Compliance Reviews

  • Zobel shoots his queasy little psych test with I'm-just-the-messenger documentary neutrality, challenging as he goes: Do you want to look away now? How about now? Will you walk out?

    Lisa Schwarzbaum — Entertainment Weekly

  • Snapshots of greasy fries and slimy grills pump up the unsavory atmosphere, while Heather McIntosh's ominous, cello-driven score plucks our nerves and stirs our stomachs.

    Jeannette Catsoulis — New York Times

  • Fails its first test, which is that the audience believe every word of it.

    Ann Hornaday — Washington Post

  • There is a level of stupidity displayed by the people in this movie that beggars belief. Their behavior is to stupidity as the Death Star is to a doughnut.

    Mark Feeney — Boston Globe

  • Among the highlights [of BAMcinemaFest]... Provocative!

    Aaron Hillis — Village Voice

  • [It] has a sharp psychological point and a can't-look-away quality even as it turns horrifically dark.

    Joe Neumaier — New York Daily News

  • Too condescending to be trusted, too manipulative to be believed, too turgid to be enjoyed, too shameless to be endured and, before and after everything else, too inept to make its misanthropic case.

    Joe Morgenstern — Wall Street Journal

  • Compliance ends up being about certain things that it would rather not be about.

    Glenn Kenny — MSN Movies

  • Compliance is a fascinating and deeply unsettling version of true events, but it goes past that, with art and honesty.

    James Rocchi — MSN Movies

  • Watching Compliance recently, I also began to squirm and talk back, but not because I disliked the movie, which I think is brilliant.

    David Denby — New Yorker

  • This is a well-made film, with plausible performances by all the leads, especially Ann Dowd. We feel we know people like this.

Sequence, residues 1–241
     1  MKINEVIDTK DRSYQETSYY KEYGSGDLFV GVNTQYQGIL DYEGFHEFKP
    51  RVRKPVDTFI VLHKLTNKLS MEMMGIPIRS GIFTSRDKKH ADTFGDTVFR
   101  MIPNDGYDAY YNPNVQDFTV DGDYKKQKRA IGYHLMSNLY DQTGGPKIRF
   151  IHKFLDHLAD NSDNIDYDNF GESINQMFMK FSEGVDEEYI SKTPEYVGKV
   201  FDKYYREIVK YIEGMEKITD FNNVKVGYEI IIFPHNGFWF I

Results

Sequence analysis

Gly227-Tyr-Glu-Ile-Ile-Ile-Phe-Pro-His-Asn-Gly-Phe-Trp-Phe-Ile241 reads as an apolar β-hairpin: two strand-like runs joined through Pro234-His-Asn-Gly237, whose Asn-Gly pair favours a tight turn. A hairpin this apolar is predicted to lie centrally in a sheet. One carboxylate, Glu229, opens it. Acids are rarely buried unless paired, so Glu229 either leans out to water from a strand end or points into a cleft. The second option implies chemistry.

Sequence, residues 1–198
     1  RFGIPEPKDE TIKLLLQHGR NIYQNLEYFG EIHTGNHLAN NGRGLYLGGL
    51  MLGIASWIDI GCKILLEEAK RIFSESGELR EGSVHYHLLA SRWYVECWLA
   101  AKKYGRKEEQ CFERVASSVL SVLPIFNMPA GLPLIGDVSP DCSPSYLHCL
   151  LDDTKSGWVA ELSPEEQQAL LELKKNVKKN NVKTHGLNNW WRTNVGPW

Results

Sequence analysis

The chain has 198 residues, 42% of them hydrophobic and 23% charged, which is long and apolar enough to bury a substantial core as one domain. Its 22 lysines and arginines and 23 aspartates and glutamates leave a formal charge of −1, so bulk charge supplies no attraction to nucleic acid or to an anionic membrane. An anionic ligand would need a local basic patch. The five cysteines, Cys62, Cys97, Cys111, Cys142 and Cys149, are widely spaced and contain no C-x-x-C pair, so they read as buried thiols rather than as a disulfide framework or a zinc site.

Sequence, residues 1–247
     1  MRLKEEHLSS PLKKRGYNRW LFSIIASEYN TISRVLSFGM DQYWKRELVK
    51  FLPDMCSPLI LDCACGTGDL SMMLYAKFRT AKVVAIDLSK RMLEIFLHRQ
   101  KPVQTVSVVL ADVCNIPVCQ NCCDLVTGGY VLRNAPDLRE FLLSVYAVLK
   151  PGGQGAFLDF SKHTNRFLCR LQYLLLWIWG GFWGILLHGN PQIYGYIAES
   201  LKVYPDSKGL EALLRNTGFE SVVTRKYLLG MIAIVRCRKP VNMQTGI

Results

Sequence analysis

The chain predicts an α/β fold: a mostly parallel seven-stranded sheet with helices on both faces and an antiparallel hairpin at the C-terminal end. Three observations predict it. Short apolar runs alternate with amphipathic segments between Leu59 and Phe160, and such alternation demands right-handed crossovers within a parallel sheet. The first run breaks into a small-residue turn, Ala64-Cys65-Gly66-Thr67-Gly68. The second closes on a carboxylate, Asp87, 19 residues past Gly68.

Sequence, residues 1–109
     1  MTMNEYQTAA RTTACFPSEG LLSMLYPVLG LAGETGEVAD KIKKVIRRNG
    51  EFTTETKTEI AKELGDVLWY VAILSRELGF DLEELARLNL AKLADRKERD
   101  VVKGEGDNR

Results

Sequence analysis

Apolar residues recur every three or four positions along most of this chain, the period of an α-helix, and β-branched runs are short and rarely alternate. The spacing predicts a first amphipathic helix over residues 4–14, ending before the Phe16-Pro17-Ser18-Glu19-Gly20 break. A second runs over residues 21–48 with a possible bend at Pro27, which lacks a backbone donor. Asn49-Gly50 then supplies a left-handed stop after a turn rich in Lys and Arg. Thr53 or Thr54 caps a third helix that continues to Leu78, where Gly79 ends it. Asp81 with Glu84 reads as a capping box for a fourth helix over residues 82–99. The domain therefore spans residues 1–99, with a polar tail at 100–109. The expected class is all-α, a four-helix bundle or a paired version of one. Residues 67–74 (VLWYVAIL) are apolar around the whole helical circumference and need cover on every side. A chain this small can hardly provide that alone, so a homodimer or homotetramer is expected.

Roger Ebert — Chicago Sun-Times

  • Compliance is one of the toughest sits of the movie year 2012. But it's an uncompromising and, in its way, honorable drama built upon a prank call that goes on and on, getting worse and worse for the people on the other end of the line.

    Michael Phillips — Chicago Tribune

  • Like a John Hughes movie hijacked by Roman Polanski, this troubling indie effort lays bare the sadomasochism of the American workplace.

    J. R. Jones — Chicago Reader

  • A harrowing, gut-wrenching fable about power and authority that shows that even the most well-adjusted, ordinary person could be tempted to degrade and dehumanize their neighbor.

    Tirdad Derakhshani — Philadelphia Inquirer

  • Zobel's masterful direction and screenplay heighten the distress of authority figures possessing unseen persuasion over naive employees, exposing a disturbing and haunting look at what some workers are willing to do in order to follow orders.

    Jim Brunzell III — Minneapolis Star Tribune

  • This is one insistent film, more evocative of human behavior than movies that take fewer risks ever could be.

    Bill Goodykoontz — Arizona Republic

  • In taut, gripping and deeply disturbing fashion, writer-director Craig Zobel measures the depths to which rational individuals will sink to obey a self-anointed authority figure in Compliance.

    Justin Chang — Variety

  • It's a highly political work about how some people can be made to do vile things just for the wispiest promise that the powers above will go a little bit easier on them.

    Farran Smith Nehme — New York Post

  • Zobel has created a tale that will leave audiences angry if not downright nauseated by journey's end.

    Bruce Demara — Toronto Star

  • A fairly deliberate and effective piece of provocation.

    William Goss —

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